"Online trolling is the practice of behaving in a deceptive, destructive, or disruptive manner in a social setting on the Internet with no apparent instrumental purpose. From a lay-perspective, Internet trolls share many characteristics of the classic Joker villain: a modern variant of the Trickster archetype from ancient folklore. Much like the Joker, trolls operate as agents of chaos on the Internet, exploiting ‘‘hot-button issues’’ to make users appear overly emotional or foolish in some manner. If an unfortunate person falls into their trap, trolling intensifies for further, merciless amusement." (Buckels et al., 2014). The Joker is also described "as a tragic character; a family man and failed comedian who suffered "one bad day" that finally drove him insane" (via).
Social media platforms have become important means to promote cultural activism and education, to promote e.g. anti-racism, feminism, LGBT rights by raising awareness and sharing information. But they also attract racist and sexist trolls who "spread disharmony among online activists" (via). Adam Reed distinguishes the psychopathological troll from the missionary troll. While the latter is motivated by a desire to convince others that his or her favourite belief system is to be considered, the psychopathological troll is "motivated to participate in an internet forum by psychotic delusions or compulsions, or by a neurotic seeking of false self-esteem" (via). Although this is not a scientific categorisation but one based on everyday observations, there is probably a pattern to be recognised by those reading comments from time to time. In general, there is not yet much empirical research on trolling behaviour (Buckels et al., 2014).
In their studies, Buckels et al. (2014) investigated online commenting styles and personality profiles of Internet trolls. Their measures included a personality inventory, a scale to measure the Dark Triad (narcissism, psychopathy, Machiavellianism), a scale to assess sadistic personality, questions on internet use and four items relevant to trolling: "I have sent people to shock websites for the lulz.", "I like to troll people in forums or the comments section of the websites.", "I enjoy griefing other players in multiplayer games." and "The more beautiful and pure a thing is, the more satisfying it is to corrupt." The authors found significant correlations between trolling and psychopathy, Machiavellianism, and particularly sadism. Sadism is specific to trolling behaviour. "The troll persona appears to be a malicious case of a virtual avatar, reflecting both actual personality and one's ideal self. (...) for those with sadistic personalities, that ideal self may be a villain of chaos and mayhem (...)." (Buckels, 2014).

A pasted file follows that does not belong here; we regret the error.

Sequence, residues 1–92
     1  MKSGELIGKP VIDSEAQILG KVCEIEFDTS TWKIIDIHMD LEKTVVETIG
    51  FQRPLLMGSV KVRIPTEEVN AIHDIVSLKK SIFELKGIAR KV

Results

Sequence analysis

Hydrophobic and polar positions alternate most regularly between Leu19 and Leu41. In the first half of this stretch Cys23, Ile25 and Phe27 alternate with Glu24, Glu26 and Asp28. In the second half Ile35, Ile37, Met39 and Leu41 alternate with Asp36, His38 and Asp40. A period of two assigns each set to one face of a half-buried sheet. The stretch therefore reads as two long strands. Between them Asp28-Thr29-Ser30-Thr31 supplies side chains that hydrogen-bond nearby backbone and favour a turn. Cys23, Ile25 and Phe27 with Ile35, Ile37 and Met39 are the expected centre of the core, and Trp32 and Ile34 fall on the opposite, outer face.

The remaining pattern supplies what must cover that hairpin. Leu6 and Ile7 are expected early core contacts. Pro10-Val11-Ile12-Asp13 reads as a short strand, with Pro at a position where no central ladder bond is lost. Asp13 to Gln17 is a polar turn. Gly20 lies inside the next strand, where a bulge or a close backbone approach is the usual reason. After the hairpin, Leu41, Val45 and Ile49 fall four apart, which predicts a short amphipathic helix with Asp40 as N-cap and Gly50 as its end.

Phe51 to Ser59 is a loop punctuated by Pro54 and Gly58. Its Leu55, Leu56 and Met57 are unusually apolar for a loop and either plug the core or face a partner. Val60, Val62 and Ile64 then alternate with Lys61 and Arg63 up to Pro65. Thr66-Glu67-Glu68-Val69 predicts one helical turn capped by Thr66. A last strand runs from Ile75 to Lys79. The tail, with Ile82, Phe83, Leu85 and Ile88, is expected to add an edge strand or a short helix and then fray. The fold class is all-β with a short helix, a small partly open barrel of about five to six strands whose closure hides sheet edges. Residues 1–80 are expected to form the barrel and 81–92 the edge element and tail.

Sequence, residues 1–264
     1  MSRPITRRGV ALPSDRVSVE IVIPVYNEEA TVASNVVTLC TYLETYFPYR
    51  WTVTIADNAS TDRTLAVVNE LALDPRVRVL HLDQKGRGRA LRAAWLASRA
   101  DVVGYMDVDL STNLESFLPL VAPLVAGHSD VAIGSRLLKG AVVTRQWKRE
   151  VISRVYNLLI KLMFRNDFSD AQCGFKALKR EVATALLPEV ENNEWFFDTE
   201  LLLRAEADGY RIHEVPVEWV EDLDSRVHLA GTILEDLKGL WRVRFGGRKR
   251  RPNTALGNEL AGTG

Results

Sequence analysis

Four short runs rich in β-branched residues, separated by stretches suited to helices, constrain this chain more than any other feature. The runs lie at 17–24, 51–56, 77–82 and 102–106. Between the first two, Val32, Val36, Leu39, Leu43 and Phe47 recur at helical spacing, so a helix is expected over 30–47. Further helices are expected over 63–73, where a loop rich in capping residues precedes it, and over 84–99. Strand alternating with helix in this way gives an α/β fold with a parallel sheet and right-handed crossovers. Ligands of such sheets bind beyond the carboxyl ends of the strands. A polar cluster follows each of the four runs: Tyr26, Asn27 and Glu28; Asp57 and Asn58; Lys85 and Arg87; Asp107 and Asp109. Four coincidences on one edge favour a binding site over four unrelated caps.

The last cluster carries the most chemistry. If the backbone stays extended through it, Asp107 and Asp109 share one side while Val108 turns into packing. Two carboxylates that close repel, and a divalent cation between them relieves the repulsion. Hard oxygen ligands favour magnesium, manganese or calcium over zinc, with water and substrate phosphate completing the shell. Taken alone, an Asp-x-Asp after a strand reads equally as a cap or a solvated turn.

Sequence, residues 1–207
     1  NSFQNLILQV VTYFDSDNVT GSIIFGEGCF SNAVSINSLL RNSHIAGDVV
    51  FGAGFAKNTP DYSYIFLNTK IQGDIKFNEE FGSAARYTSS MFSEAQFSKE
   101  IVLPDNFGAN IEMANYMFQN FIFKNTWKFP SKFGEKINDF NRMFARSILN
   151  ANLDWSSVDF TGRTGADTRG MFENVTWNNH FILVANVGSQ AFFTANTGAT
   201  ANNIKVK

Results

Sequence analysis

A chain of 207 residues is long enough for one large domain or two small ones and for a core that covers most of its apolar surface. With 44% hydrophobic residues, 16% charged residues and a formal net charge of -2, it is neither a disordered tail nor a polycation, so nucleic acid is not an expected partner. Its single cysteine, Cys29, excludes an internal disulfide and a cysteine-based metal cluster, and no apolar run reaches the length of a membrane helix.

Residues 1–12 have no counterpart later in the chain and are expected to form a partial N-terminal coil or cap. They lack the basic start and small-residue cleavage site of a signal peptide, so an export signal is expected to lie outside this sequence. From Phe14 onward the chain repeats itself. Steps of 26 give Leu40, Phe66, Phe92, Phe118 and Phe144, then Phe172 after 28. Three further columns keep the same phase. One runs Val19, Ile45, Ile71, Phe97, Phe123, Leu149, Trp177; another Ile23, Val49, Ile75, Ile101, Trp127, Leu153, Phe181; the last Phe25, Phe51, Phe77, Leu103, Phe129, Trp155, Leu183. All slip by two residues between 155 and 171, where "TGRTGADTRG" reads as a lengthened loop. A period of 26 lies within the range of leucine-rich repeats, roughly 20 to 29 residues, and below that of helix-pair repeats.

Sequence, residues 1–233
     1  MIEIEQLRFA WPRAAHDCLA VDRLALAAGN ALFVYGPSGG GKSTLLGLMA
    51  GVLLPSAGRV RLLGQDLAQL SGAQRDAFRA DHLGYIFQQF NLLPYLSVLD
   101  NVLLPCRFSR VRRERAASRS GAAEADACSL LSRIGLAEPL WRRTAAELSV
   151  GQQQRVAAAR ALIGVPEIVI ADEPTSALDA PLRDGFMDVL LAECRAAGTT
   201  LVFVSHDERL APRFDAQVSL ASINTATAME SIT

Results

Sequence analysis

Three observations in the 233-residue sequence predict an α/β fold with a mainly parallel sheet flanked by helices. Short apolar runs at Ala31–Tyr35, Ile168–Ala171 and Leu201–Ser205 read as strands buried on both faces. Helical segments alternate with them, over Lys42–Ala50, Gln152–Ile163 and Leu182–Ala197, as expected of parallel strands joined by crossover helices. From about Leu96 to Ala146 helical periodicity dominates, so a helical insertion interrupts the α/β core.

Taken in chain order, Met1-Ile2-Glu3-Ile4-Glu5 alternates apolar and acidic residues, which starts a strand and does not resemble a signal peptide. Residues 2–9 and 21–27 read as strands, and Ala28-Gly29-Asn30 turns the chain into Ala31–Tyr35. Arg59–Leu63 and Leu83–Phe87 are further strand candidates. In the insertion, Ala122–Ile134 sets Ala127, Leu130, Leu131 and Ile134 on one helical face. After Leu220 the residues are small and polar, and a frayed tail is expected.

The troll persona is an everyday sadist that hides behind a "veil of anonymity" since offline "they would quickly have their ass kicked for their incessant provocations." (via). But perhaps the biggest danger is not to be provoked but to be bored to death by comments that - once their content is translated - say "I am paranoid and have no idea what I am talking about but ignorance does not keep me from commenting and criticising everything."
Racism, sexism, ... sadism, trollism. "The more beautiful and pure a thing is, the more satisfying it is to corrupt." And diversity is beautiful.
- Buckels, E. E., Trapnell, P. D. & Paulhus, D. L. (2014). Trolls just want to have fun. Personality and Individual Differences, 67, 97-102.
- photos of Cesar Romero as the Joker via and via and via and via